Preview of “Scripture and Subversion” Panel

Preview of “Scripture and Subversion” Panel

Scripture and Subversion


Valerie Ranee Landfair“An African-American Pentecostal Reading of Hagar: Through the Aesthetics of Silence and the Politics of Recognition”

Valerie Landfair of Regent School of Divinity will present a Pentecostal perspective of Hagar’s story that can be read as an empowering use of vision and gender for women. Hagar’s narrative in Genesis 16 will be used examine the power of recognition and the aesthetic of silence. This study argues that African-American women become Hagar’s daughters when moved into a place where God sees them, speaks to them directly, and calls them by name. This transformation liberates them to be able to fulfill their unique purposes for, and in the kingdom of God, even though they remain subject to shackles, including racism, classism, and sexism.

Mark James“Origen, Power, and the Naturalness of Names”

Mark James of the University of Virginia will present Origen’s version of linguistic naturalism as a potentially viable alternative that anticipates a pragmatic alternative to structuralism. Taking up and transforming earlier Stoic accounts of the mimetic function of names, Origen argues that the naturalness of names consists also in their real power in the world, by which, we might say, the scriptural word becomes a kind of weapon in the martyr’s ‘struggle even to death’ against the physical weapons of Rome (CC 1.24). Origen can help us see how power relations not only distort language but can also be part of the meaningful (and liberating) operation of language in its integrity — not least the language of scripture.

Ezra Blaustein“The Hermeneutics of an Outsider: Torah, New Testament, and Quran in Simon Duran’s Bow and Shield”

Ezra Blaustein of the University of Chicago Divinity School will examine the hermeneutics of Simon Duran (1361-1444), a Jewish scholar who lived under both Christian and Muslim rule, as found in his work Qeshet u-Magen [Bow and Shield], a work that provides an instructive example of how scripture was used in medieval inter-religious disputation. This analysis will uncover the complicated relationship between a canonical text and the religion that sees it as sacred by demonstrating how Duran can dismiss claims against the Torah as based on incorrect interpretations, but his own arguments against Christian and Muslim scriptures are similarly weakened.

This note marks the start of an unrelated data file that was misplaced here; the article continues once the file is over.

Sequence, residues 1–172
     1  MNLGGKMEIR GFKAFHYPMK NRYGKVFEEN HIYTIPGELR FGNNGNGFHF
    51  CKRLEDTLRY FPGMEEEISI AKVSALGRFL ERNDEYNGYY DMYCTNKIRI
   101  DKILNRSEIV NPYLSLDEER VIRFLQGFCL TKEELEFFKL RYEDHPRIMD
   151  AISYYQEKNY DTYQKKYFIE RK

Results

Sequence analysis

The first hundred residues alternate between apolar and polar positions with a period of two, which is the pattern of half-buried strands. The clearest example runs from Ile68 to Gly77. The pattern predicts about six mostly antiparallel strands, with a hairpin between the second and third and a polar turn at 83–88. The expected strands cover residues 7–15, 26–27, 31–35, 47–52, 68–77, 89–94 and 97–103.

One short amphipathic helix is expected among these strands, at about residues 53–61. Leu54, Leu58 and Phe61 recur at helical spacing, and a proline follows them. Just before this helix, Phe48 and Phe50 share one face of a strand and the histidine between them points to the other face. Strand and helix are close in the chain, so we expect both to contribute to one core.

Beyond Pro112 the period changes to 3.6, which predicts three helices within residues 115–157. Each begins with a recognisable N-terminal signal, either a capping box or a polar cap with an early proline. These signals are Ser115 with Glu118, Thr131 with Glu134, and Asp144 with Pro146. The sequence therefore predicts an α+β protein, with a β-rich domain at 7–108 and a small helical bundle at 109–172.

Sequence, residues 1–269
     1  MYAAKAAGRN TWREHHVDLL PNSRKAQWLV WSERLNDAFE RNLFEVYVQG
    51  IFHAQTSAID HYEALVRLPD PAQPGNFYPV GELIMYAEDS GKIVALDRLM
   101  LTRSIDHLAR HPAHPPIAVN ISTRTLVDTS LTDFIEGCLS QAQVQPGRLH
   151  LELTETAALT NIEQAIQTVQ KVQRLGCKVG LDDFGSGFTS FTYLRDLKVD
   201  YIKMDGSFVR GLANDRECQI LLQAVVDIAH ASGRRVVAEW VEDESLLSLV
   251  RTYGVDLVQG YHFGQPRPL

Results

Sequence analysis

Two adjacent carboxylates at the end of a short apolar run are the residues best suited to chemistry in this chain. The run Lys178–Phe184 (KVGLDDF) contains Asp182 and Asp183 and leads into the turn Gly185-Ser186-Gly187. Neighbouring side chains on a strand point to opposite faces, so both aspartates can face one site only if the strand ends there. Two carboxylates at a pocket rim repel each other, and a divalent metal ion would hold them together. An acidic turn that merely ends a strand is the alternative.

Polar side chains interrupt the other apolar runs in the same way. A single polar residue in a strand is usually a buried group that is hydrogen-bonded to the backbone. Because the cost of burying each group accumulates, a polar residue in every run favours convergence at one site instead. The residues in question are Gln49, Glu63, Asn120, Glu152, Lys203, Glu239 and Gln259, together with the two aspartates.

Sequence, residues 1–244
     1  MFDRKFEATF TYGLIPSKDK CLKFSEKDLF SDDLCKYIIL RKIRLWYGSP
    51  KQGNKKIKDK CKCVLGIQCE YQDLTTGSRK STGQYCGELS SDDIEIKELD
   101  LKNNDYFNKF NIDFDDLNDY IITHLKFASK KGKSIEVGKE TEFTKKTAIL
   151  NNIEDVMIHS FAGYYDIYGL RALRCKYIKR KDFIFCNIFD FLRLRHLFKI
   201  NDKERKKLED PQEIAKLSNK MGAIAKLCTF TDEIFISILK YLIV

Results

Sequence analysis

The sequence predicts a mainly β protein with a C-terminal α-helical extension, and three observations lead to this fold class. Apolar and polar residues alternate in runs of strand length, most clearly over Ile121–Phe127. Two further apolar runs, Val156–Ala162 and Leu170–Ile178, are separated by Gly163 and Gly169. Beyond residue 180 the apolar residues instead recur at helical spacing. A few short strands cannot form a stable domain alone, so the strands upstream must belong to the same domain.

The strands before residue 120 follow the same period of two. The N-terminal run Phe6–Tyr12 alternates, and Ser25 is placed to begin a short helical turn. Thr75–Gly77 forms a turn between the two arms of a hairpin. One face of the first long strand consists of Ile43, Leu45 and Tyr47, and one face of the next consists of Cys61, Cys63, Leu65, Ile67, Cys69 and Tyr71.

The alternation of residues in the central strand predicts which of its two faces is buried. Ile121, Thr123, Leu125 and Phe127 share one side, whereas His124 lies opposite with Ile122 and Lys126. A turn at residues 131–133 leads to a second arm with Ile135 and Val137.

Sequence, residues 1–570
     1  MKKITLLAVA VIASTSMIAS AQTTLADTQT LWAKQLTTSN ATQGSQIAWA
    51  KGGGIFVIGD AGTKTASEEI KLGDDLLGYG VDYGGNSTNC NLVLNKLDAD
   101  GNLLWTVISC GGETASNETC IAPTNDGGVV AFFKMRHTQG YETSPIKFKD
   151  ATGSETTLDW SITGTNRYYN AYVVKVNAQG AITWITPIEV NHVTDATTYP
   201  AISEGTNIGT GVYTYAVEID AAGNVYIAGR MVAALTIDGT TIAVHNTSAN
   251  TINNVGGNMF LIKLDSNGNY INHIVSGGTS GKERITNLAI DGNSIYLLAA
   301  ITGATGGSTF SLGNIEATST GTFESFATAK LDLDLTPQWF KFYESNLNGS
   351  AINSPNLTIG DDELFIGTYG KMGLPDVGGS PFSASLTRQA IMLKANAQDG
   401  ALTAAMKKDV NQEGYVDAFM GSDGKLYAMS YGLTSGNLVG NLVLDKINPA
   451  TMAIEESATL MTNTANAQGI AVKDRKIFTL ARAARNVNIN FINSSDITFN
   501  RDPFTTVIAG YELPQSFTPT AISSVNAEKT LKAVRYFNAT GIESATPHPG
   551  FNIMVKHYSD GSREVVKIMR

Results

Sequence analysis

Ardaine L. Gooden“Male Violence: A Biblical Exploration of Male Rape and Sexual Assault”

Ardaine Gooden of Howard University School of Divinity will present an exploration of the phenomenon of male rape, supported mainly by biblical literature. By employing Genesis 19 and Judges 19 narratives which are commonly used to justify anti-homosexual stance, the paper indicates that an alternate reading of the text indicates the presence of male rape. This analysis raises questions of the nature of rape and how it is perpetrated upon the victims regardless of the sex of the victim and makes the claim that it is essential that male rape be recognized in order to unconditionally understand the nature of sexual violence.

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Preview of “Scripture and the State” Panel

Preview of “Scripture and the State” Panel

Scripture and the State

Ben Dillon“Squelching the Double Vision: Hobbes’s Subversion of Sola Scriptura

Ben Dillon of Duke University will present an examination of two cases of Thomas Hobbes’s controversial exegesis in his masterpiece Leviathan that have profound political implications: his treatment of the term “spirit,” which issues in the denial of any incorporeal substance; and his account of martyrdom, which effectively renders true martyrdom impossible. The effect of these exegetical moves is, first, to deny any spiritual realm beyond the material; and second, to render all claims by clergy to authority over citizens’ bodies illegitimate; combined, they serve to bolster his claims for absolute civil sovereignty, all while appealing to the Protestant principle of sola scriptura.

 Meg Stapleton Smith“Vision of Hope: Scripture in the Context of the Salvadoran Civil War”

Meg Stapleton Smith of Yale Divinity School will present an examination of the ways Scripture was utilized as a way to justify the violent acts of the Salvadoran government, as well as critically examine how Scripture became a source of inspiration within the Christian Base Communities to authenticate and validate the humanity and faith of the poor. Ultimately, Scripture was weaponized within the context of the Salvadoran Civil War to be both a modicum of violent governmental rationale, as well as a vehicle of expression for the poor’s national liberation, economic amelioration, and spiritual enlightenment.

“Scriptures As Operational Artifacts” — Plenary Title Announced!

“Scriptures As Operational Artifacts” — Plenary Title Announced!

“Weaponizing Scripture?”–the 2nd annual graduate colloquium in Scripture, Interpretation and Practice–will convene at the University of Virginia on March 22-23, 2015.

On March 22nd at 6:15pm as part of this conference, Ambassador Aref Nayed will give the plenary lecture entitled: “Scriptures As Operational Artifacts” This plenary session will be held in Nau 101 and is open to the public.